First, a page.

Close your eyes and let the back of your lids become a canvas. Think hard. Where is your favorite place in the world?
Do you see trees? Is there the sound of waves crashing on a shoreline or a lake lapping up on some small rocks? If so, you’re not alone.
For centuries, going on treks into the wilderness or even sitting in the local park for awhile have been well documented as having a restorative and reinvigorating effect on the psyche and the spirit. You’ve always suspected that something about the smell of salt in the air or the moss growing on the trees made you feel better about life, but there’s no need to rely on anecdotes- science has proved it.
An ever-growing body of research has been telling us that regularly spending time in nature is beneficial to human health.
– A study in Japan found that subjects had lower blood pressure, lower levels of adrenaline, and that “adiponectin, a hormone secreted by fat tissue” (and associated with fat loss), “were higher after the forest walk but not the urban walk.”
– Another out-of-Japan study found that, simply, participants had higher feelings of happiness in the forest than in the city, and lower levels of unhappy feelings. Also, parasympathetic nervous system (which controls systems like digestion) functions were strengthened and sympathetic nervous system activity (associated with fight-or-flight response and stress) were lowered when measured in the forest.
– Hospital patients recover faster when provided with a window that faces trees than without.
Essentially, there’s not much that doesn’t improve with regular visits to the forest or other natural places.
So, we know that these things make us feel better and function at the height of our abilities. But why?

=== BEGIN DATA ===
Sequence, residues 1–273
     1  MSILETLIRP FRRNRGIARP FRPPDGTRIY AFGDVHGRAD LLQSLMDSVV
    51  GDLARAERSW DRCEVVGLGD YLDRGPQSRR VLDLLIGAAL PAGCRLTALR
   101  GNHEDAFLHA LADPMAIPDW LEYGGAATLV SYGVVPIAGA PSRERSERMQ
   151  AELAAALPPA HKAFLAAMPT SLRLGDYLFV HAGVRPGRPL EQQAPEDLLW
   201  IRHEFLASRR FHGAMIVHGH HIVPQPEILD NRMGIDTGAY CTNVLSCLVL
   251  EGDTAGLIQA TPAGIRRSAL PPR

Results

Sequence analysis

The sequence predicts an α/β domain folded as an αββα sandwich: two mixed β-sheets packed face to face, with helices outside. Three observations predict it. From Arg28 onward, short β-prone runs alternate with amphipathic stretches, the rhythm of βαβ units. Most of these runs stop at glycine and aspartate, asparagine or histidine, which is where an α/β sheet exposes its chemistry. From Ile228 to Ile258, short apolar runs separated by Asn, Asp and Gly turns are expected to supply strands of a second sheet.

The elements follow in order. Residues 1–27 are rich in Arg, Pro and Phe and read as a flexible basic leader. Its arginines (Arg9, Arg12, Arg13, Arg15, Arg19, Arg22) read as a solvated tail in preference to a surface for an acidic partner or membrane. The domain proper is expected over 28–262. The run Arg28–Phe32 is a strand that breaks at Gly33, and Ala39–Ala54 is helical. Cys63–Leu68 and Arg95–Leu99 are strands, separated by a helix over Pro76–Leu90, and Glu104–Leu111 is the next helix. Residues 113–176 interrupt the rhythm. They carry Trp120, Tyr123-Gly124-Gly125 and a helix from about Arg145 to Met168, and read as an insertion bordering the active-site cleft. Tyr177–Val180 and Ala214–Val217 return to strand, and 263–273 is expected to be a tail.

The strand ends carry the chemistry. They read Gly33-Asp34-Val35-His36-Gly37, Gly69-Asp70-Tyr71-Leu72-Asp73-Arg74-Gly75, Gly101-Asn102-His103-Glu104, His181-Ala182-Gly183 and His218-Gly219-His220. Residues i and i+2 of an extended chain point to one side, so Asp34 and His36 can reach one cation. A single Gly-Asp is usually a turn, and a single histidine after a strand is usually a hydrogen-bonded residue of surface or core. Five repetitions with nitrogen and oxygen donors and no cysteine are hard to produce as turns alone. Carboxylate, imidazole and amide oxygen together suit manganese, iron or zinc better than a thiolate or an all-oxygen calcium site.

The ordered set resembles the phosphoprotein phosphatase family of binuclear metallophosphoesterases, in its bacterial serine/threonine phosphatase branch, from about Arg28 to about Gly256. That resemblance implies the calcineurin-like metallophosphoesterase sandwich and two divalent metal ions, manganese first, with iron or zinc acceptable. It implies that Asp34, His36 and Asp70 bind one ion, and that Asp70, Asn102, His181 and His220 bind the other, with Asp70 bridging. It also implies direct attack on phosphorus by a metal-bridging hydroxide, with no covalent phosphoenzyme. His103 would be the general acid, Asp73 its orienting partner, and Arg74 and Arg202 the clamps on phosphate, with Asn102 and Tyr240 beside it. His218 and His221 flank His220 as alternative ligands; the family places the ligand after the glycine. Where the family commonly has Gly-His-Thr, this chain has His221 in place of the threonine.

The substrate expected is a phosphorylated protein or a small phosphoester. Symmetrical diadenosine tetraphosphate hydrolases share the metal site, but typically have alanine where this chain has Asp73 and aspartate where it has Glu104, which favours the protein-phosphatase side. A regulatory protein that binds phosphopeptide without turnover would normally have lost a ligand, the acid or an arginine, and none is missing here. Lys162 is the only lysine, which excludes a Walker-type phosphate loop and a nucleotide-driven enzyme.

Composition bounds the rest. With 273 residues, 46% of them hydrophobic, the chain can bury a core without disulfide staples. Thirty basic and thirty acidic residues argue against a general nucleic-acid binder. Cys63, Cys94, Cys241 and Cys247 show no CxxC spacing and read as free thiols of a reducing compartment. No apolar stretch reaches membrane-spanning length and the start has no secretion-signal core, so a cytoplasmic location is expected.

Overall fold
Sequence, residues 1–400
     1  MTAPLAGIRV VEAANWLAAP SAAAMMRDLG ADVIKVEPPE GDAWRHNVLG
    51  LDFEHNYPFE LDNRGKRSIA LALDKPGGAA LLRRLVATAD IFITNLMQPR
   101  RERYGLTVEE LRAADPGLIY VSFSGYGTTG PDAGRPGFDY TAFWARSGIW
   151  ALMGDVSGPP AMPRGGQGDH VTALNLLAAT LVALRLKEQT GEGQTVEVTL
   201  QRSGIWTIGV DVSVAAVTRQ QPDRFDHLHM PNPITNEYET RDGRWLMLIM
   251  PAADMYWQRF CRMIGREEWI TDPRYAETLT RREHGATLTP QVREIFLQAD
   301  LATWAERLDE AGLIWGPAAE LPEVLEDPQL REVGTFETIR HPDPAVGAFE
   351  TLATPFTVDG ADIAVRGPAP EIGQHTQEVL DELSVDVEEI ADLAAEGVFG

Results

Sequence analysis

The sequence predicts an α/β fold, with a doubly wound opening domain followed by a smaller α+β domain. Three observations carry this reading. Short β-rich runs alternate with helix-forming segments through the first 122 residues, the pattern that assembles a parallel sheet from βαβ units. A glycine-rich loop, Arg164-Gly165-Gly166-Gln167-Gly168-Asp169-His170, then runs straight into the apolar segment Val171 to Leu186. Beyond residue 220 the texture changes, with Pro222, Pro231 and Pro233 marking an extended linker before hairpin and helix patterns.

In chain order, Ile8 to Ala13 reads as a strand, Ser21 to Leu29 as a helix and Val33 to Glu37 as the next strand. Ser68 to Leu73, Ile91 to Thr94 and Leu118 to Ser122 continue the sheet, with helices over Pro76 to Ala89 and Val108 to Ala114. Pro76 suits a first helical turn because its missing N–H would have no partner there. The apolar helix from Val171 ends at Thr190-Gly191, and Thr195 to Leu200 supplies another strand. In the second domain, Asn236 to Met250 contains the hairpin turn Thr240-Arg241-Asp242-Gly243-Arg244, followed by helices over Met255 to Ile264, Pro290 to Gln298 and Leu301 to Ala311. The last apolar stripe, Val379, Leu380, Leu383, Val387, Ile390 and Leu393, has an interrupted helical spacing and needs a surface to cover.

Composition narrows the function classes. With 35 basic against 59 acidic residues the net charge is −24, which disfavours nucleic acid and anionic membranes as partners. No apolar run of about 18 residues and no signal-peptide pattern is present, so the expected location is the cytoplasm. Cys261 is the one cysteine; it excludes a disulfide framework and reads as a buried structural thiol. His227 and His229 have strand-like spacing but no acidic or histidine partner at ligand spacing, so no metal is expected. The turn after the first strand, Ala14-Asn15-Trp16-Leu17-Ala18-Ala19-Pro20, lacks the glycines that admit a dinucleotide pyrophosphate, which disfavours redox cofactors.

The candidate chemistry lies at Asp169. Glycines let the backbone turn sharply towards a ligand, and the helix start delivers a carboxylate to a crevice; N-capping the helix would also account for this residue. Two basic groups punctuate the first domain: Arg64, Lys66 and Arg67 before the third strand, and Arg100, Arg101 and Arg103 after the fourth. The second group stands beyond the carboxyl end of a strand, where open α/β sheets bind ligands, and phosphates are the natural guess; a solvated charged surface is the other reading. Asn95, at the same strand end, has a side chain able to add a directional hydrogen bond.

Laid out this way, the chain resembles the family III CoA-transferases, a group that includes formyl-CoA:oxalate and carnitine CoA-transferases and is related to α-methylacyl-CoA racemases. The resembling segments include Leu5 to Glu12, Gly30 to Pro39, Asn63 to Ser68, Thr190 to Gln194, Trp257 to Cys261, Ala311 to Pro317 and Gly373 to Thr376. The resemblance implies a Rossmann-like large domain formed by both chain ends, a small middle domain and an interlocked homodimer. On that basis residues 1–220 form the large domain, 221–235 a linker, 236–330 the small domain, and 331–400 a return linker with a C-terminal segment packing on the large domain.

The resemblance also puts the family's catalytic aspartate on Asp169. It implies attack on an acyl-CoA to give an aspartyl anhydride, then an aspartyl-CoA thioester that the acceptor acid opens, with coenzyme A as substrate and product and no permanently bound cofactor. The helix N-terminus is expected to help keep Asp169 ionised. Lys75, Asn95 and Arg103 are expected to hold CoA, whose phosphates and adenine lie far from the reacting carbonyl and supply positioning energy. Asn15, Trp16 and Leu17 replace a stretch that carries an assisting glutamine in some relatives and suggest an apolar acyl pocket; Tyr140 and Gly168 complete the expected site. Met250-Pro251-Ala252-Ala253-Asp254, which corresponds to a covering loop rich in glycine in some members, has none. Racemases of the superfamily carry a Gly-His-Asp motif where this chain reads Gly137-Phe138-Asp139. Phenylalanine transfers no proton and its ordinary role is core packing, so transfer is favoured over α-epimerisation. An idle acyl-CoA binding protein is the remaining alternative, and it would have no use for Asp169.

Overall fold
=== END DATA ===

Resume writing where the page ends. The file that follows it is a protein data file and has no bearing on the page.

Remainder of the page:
One theory revolves around the ingrained affinities that we’ve inherited through our own distant past. For example, when humans were hunter-gathers as they were for the majority of human history, an environment that is lush and fertile with lots of trees and wildlife typically meant that food was nearby and easily obtained. The same goes for rivers, lakes, and the sea. These environments made food gathering much less time consuming and less risky, so less expensive in terms of human effort and risk.
Personally, I’ve come to believe that nature also provides us with a kind of philosophical health when we make it a part of our lives. Modern lifestyles have us worrying about small things that seem like big things and living the majority of our days spent in front of a small LCD screen. Being in nature helps us to connect back to our roots by reminding us that we’re always a part of something bigger and much more significant and powerful than our own lives.
This isn’t depressing- it’s liberating.
Sitting on a beach next to a forest, I can’t help but think that the thing that made me angry at work or a relationship issue really isn’t as big as I had thought it was at first. Similar to the way photosynthesis turns our soiled CO2 into oxygen again, the forest’s trees seem to breathe in our problems and break off the part that doesn’t belong, only to return it to us in a form we can digest as the riptide carries those problems away.
– Here are a few ways you can make nature a bigger part of your life- even if you live in the heart of the city.
– Have plants in your home (don’t forget to water them!)
– Include natural scenes on posters or photographs in your home and office
– Grow something. Anything.
– Plan a mid-week refresh in a local park
– Really do escape for an afternoon on the weekend.
-Go for regular lunchtime strolls where there is greenery or water or anything that is natural
-Let more sunlight in to your life
And be grateful that not everything on this planet is man made!